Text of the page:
Matthew Cossolotto offers more expert advice on how to improve your public speaking.
If you want to become a more comfortable, compelling and charismatic speaker, you should learn about the secrets of what I call ‘Whole Brain Speaking’. This involves balancing elements of both the Left Brain and the Right Brain in every presentation. Striking the right balance is key to speaking success.
The most successful speakers master a well-balanced combination of being present in the moment, on the one hand, with high-level preparation and performance skills on the other. Put simply, successful speakers find ways to pack authentic presence into every presentation.
Every speech or presentation is a real time relationship between speaker and audience. This is true whether you’re speaking on stage in a crowded ballroom or online in a Zoom-assisted webinar. As a speaker, you show that you value the relationship by being prepared, but not overly programmed.
Yes, it’s essential to prepare, to organize your material effectively and to rehearse. It’s not a good idea to simply go out on stage and 4wing it4 every time. You don’t want to just say the first thing that pops into your head. That’s not what being present in the moment means. That’s not what authentic speaking and connecting with the audience are all about.
Combine left and right Brain attributes
As you’ll see in the chart below, preparation, performance, and rehearsal are classic Left Brain functions. Presence, connection and authenticity reside on the right side of the brain.
In this chart, the column on the left summarizes the traditional Left Brain approach to public speaking. These qualities are important to any successful presentation, but total reliance on them will produce an unsatisfactory experience for both the speaker and the audience. Depending too much on these Left Brain qualities turns speeches and presentations into nothing more than boring, stale, uninspiring data dumps.
My revolutionary Whole Brain Speaking approach is more holistic, interactive and relational. The idea is to take the Left Brain qualities as the bare essentials and then go the extra mile by tapping into the Right Brain. Whole Brain Speaking is the Value Added approach to speaking. The qualities in the left column get you part of the way there. To really wow your audiences, however, you need to add the Right Brain attributes. The goal is to transform a merely competent, informative speech into something truly moving and memorable.
The best way to use this chart is to pick any quality on the left side of the page and then consider ways to also incorporate the corresponding right brain quality on the right side. For example, once you’ve developed, rehearsed and mastered the content of your speech, give some attention to connecting with the audience.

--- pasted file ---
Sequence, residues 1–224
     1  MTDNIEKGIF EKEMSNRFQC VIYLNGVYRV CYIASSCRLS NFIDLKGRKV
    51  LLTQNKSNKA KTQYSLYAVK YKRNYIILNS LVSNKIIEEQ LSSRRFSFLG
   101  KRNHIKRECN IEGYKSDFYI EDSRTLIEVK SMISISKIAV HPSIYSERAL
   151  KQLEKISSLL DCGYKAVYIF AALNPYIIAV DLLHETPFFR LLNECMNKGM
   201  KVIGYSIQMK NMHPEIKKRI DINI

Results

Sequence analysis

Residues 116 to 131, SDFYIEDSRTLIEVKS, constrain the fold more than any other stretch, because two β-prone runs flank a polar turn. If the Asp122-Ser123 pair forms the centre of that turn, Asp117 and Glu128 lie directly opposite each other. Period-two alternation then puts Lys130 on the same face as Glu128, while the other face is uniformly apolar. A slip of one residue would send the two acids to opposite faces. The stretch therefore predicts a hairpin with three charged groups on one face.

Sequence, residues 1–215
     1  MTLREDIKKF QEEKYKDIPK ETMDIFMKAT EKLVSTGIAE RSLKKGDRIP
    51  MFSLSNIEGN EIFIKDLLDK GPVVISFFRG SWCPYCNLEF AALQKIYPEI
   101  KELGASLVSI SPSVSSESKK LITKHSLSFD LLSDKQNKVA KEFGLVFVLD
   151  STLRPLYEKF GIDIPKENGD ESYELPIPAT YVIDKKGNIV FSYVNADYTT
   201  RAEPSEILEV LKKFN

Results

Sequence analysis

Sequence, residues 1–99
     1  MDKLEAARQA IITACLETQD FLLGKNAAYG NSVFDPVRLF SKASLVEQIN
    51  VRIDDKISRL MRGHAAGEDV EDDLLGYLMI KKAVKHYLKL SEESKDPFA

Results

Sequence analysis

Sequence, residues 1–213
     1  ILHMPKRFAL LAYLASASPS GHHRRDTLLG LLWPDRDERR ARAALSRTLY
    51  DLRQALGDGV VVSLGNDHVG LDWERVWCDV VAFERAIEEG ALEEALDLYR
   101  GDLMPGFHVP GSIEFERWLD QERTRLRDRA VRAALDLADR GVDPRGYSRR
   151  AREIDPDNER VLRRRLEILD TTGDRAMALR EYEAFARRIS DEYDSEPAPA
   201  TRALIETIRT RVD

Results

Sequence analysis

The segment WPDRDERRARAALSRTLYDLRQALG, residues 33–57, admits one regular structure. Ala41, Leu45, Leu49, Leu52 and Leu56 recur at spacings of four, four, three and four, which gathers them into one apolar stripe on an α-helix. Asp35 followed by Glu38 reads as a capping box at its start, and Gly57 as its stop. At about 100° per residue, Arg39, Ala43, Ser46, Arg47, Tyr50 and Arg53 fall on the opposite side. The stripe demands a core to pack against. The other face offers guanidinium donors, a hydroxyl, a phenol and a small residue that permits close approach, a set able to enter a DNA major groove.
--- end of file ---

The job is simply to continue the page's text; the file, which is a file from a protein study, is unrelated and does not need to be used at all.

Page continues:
Similarly, now that you’ve prepared your remarks, remind yourself to be present in the moment. While speaking to the audience, remember to also listen – with your ears and your eyes. Practice the art of hearing with your eyes, as Shakespeare refers to it in Sonnet 23. Don’t just project outward. Remember to receive the audience (especially the support from the audience). Don’t rely on logic and facts alone. Include an appeal to passion, emotion and imagination.
Let go of the trapeze
If you watch trapeze artists at the circus, the real excitement begins when they let go of the trapeze bar. There isn’t much interest in watching someone swing back and forth hanging from a trapeze bar. The magic happens between the bars. For speakers, being too scripted and programmed, anchoring your talk in Left Brain attributes, is essentially the same as clinging to the trapeze bar and just swinging back and forth.
You – and your audiences – deserve more than that. That way boredom lies.
Don’t be overly programmed. Demonstrate some degree of spontaneity. Tell a personal story. Bring along your personality and let it shine. Make sure the real you shows up. Let go of the trapeze once in awhile. Mix healthy doses of authenticity
with your great, finely honed substance. Turn your talk into a two-way relationship instead of simply a one-way information transfer.
In short, study the right-hand column carefully and incorporate many of these elements into your next speech or presentation. If you routinely feature this Value Added approach in your presentations, you will find yourself enjoying the experience much more—and so will your audience.
Remember this: audience members bring their whole brains – both the Left and the Right Brain – when they attend your presentations. And their Right Brains crave some attention. As a speaker, you should give it to them by using your whole brain. Let go of the trapeze. Pack presence into your presentation.
The result of a Left Brain only approach is predictable: A stilted, stiff, boring, forgettable presentation. If you tap into the Right Brain, your presentations will be more joyful, exciting, creative and memorable.
The choice is yours.
About the author
Matthew Cossolotto is a former NATO speech-writer. Author of The Joy of Public Speaking, Matthew conducts public speaking workshops and other Personal Empowerment Programs (PEPTalks) in Brussels and beyond. www.ThePodiumPro.com, Matthew.Cossolotto@gmail.com